Tue. May 30th, 2023

As the US International Trade Commission is about to decide whether to ban imports of Microsoft’s Xbox 360 game console, a team of rivals including Apple, Nokia, Intel, Activision, HP and Cisco have issued a letter to the ITC written requesting not to stop selling the Xbox 360 game console. Product. Numerous members of the US House of Representatives have also weighed in on Microsoft’s behalf.

An ITC administrative judge recently recommended that the commission ban the 4GB and 250GB versions of the Xbox console due to the violation of standard-essential, video-related patents held by Motorola Mobility, which is now a division of Google. Pending a final decision, an IP attorney representing Apple, Mark Davis, wrote to the committee on June 8, saying that Motorola is committed to licensing patents on fair, reasonable, and non-discriminatory terms (FRAND ), but bypasses FRAND requirements in suing Microsoft (as well as suing Apple in similar cases).

“Apple respectfully claims that any exclusion order directed against Microsoft would significantly undermine the standards-setting process and frustrate FRAND’s purpose,” Davis wrote (Scribd link). More testimony on behalf of the Xbox came from Activision, Nokia, HP, Cisco and Intel, all of whom said the public interest outweighed Motorola’s concerns.

Numerous members of the US House of Representatives also submitted letters opposing an Xbox ban. For example, U.S. Representative Darrell Issa (R-CA) wrote that an import ban would be inappropriate because it would be based on standards-essential patents, and harmful because it would exclude the only video game console made by a U.S. company from the market. The letter, along with others from delegates Dave Reichert (R-WA), Lamar Smith (R-TX) and Sue Myrick (R-NC), is dated June 8 and was released today on the ITC documents site.

Motorola has won a ruling that Microsoft infringes four patents (links to the patents here), covering the H.264/MPEG-4 Part 10 video coding standards and the 802.11 WiFi standards. In its defense, Microsoft pointed out that by getting patented technology accepted into industry standards, Motorola has “committed to IEEE, ITU and ISO standards that their essential patents are licensed on a non-discriminatory basis and on fair and reasonable offer conditions.”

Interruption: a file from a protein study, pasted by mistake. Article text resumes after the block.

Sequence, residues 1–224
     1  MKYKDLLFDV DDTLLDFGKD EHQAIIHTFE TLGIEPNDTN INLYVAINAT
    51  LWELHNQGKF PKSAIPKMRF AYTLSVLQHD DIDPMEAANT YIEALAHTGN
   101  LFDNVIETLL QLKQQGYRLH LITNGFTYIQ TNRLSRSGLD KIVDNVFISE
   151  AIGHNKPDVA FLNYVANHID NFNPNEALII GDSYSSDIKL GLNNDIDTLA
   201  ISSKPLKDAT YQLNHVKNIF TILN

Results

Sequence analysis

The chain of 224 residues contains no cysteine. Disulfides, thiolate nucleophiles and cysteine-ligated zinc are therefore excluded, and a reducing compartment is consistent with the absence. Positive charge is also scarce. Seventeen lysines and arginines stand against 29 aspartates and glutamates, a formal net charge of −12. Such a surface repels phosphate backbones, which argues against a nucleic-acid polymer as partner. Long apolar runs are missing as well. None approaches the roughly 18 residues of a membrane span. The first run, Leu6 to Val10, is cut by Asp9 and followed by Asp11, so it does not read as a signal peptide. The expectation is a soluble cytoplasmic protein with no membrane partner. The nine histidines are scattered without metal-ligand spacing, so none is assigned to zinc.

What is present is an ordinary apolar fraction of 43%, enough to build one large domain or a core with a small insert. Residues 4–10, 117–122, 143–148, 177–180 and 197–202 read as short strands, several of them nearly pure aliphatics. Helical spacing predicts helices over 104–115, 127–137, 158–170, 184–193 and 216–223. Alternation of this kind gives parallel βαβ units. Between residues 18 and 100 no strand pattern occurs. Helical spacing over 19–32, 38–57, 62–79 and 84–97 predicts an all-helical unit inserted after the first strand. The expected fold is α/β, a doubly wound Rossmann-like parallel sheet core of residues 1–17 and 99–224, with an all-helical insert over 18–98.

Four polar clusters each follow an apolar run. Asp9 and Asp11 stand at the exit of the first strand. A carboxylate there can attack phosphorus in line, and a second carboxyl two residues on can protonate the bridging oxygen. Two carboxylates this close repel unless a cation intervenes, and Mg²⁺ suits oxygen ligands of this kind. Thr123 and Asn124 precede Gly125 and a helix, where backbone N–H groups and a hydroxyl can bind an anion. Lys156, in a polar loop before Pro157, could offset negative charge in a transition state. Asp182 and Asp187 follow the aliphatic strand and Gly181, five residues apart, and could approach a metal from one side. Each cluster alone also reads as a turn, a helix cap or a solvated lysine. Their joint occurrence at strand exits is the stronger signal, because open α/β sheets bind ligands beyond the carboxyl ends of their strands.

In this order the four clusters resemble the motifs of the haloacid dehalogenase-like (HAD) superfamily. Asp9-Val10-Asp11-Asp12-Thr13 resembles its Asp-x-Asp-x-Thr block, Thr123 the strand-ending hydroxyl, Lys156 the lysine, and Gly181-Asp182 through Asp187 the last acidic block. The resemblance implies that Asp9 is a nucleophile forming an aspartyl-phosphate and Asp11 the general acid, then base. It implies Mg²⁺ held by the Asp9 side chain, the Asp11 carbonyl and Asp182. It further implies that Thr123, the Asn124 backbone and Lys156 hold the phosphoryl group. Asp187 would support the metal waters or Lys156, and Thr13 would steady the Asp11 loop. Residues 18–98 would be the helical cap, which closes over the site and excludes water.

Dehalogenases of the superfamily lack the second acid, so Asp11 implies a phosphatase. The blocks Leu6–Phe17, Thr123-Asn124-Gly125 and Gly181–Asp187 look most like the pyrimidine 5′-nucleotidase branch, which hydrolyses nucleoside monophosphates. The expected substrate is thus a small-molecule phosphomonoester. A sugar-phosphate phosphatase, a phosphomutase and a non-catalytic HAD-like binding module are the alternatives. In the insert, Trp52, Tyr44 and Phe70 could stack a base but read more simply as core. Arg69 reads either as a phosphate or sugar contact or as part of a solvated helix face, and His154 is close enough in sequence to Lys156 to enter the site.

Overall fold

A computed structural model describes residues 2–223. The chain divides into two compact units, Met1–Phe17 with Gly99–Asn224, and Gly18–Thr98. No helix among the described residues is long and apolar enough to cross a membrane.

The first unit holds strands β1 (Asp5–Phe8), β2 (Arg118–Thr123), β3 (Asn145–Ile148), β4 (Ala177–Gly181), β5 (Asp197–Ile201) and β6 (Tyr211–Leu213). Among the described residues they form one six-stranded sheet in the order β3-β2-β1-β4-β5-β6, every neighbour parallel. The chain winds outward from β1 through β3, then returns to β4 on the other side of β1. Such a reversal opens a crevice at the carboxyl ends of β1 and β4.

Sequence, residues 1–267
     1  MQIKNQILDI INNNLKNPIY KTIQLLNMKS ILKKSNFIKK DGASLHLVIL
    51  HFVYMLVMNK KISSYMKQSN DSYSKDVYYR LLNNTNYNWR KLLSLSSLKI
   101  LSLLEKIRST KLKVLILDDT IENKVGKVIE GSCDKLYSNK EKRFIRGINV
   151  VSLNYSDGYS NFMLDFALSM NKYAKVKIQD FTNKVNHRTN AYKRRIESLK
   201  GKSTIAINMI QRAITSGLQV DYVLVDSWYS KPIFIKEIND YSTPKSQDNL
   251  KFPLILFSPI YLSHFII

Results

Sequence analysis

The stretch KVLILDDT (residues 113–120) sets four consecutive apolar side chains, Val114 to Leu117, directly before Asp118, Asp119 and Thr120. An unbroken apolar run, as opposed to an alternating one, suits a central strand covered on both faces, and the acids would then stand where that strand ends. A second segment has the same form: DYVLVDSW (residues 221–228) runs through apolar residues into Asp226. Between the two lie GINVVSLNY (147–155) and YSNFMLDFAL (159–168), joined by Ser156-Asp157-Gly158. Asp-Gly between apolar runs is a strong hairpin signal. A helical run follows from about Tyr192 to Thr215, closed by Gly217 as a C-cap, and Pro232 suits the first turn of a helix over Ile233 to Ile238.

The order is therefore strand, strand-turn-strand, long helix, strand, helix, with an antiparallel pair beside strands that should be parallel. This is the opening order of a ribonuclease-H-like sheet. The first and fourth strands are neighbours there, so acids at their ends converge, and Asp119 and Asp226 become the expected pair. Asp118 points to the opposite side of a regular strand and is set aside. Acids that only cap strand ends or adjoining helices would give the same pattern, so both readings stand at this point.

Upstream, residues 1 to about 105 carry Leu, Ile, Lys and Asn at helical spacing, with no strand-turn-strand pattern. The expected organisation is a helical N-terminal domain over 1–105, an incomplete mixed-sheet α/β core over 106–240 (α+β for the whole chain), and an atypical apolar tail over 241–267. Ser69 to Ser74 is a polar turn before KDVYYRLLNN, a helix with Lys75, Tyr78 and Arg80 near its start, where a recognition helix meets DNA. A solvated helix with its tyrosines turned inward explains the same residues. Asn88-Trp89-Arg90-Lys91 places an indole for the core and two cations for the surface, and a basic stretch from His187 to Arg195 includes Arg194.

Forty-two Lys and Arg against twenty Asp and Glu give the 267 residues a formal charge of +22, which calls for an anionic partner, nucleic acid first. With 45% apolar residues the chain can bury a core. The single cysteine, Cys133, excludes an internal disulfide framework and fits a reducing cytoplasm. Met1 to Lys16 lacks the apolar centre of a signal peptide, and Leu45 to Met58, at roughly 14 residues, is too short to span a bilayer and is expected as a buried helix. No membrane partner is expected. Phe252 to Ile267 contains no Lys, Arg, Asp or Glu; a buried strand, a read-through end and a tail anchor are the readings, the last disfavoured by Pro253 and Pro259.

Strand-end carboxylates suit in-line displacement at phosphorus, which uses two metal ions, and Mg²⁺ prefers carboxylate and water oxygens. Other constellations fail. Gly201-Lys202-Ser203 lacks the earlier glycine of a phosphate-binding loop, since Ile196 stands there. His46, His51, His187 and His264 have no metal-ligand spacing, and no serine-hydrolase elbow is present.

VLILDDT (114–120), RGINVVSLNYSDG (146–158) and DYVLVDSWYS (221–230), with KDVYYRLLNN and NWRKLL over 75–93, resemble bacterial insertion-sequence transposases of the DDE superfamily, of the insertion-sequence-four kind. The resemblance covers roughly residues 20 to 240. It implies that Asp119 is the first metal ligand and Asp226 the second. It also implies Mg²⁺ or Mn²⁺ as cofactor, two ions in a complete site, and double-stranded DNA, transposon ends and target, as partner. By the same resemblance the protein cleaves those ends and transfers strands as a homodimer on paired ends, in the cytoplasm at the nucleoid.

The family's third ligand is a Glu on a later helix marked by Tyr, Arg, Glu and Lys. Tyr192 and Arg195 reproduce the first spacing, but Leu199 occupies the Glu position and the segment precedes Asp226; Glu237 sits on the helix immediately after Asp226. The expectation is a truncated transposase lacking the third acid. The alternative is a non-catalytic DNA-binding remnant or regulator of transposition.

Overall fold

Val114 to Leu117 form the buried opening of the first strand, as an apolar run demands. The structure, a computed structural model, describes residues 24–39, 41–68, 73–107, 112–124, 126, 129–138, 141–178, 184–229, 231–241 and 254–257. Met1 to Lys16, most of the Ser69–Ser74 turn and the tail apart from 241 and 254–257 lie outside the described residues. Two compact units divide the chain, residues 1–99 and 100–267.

Separately, Microsoft also won an ITC import ban against Motorola Android devices that infringe Microsoft patents, but Microsoft claimed patents that were not committed to industry standards and thus unencumbered by FRAND obligations.

Members of the Illinois Congressional delegation (Motorola’s home state) led by Danny Davis (D-IL) came out leniently in favor of an Xbox import ban in a letter to the ITC, not specifically mentioning the Xbox, but saying that “we strongly advocate protection of intellectual property rights, including injunctions and exclusions.”

The Federal Trade Commission also weighed in, as we reported last week, saying the ITC should ban neither Xboxes nor iPhones. While there seems to be no doubt that Microsoft has infringed the patents, the majority of those filing opinions with the ITC oppose the import ban on the grounds that Motorola should never have sued with standard-essentials in the first place patents.

By akfire1

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